“The voice of my beloved! Look, he comes, leaping upon the mountains, bounding over the hills. My beloved is like a gazelle or a young stag. Look, there he stands behind our wall, gazing in at the windows, looking through the lattice.” (Song of Solomon 2:8 – 9)
I have a choice of two different Old Testament passage this week, from different parts of the bible. But when you look at their foundational elements they are very much the same.
“So now, Israel, give heed to the statutes and ordinances that I am teaching you to observe, so that you may live to enter and occupy the land that the LORD, the God of your ancestors, is giving you. You must neither add anything to what I command you nor take away anything from it, but keep the commandments of the LORD your God with which I am charging you.” (Deuteronomy 4:1 – 2)
We know the occasion of this second passage from Deuteronomy – the Hebrews were being readied to cross over into the lands that Yahweh had promised them. Moses was telling them to use due diligence and to be faithful to the Lord God and to the commandments and teachings the Lord God have given to them. The faithful was being ordered and commanded of them because . . . . well, because that was the type of relationship that the Hebrews expected to have with their Lord God.
“My beloved speaks and says to me: “Arise, my love, my fair one, and come away; for now the winter is past, the rain is over and gone. The flowers appear on the earth; the time of singing has come, and the voice of the turtledove is heard in our land. The fig tree puts forth its figs, and the vines are in blossom; they give forth fragrance. Arise, my love, my fair one, and come away.” (Song of Solomon 2: 10 – 13)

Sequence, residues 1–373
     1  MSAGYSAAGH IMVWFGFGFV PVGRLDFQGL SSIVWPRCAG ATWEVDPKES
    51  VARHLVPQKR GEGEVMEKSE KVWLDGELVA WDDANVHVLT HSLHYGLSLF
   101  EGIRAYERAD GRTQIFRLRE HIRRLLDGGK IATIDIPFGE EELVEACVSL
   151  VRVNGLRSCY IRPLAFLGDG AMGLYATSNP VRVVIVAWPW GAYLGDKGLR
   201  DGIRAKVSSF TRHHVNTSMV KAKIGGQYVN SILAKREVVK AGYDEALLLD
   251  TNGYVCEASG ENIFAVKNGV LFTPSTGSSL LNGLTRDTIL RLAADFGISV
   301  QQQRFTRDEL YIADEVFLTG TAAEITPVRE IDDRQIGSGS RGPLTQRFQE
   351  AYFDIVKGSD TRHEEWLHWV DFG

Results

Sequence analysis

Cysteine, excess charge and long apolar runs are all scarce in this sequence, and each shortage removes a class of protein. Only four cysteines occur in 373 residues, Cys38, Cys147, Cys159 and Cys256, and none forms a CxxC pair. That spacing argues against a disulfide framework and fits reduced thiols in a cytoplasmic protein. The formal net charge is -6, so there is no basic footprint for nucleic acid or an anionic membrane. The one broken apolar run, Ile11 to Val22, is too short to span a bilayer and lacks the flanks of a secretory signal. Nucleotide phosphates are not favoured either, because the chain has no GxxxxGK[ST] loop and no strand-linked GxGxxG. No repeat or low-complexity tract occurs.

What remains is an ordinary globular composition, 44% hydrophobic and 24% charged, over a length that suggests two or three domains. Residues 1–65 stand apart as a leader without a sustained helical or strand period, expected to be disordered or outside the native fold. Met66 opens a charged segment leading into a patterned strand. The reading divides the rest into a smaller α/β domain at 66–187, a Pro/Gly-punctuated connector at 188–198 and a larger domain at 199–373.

But what if the Lord God spoke as a lover inviting the beloved to come and dwell with the Divine. What if the plea for faithfulness was spoken as the fidelity that is between two lovers? What if the desire for exclusiveness was born of intense love and unwillingness to let anyone else be loved and love as deeply as the Divine? Do you think the Hebrews would have strayed?
Instead, they heard this . . .
“You must observe them diligently, for this will show your wisdom and discernment to the peoples, who, when they hear all these statutes, will say, “Surely this great nation is a wise and discerning people!” For what other great nation has a god so near to it as the LORD our God is whenever we call to him? And what other great nation has statutes and ordinances as just as this entire law that I am setting before you today? But take care and watch yourselves closely, so as neither to forget the things that your eyes have seen nor to let them slip from your mind all the days of your life; make them known to your children and your children’s children–” (Deuteronomy 4:6-9)
It should surprise no one that the bible commentators (for the most part) see the Song of Solomon through (as I have come to call it) the lens of the New Testament. Of course (they say) it means Christ as the lover and we the church & believers as the beloved. And quite honestly for my purposes here, that works. Other times I may emphasis the romantic passionate nature of the Song of Solomon. But then the Divine that I believe in is a romantic passion God. So what if the Lord God at the crossing over to the promised land spoke with passion and deep sentiment of love? Would the story of Israel and Judah be different?
How does the Lord speak to you, beloved reader? With authority and command? Or with love and passion? Does it make a difference in how you would respond and act? Ponder this. Shalom!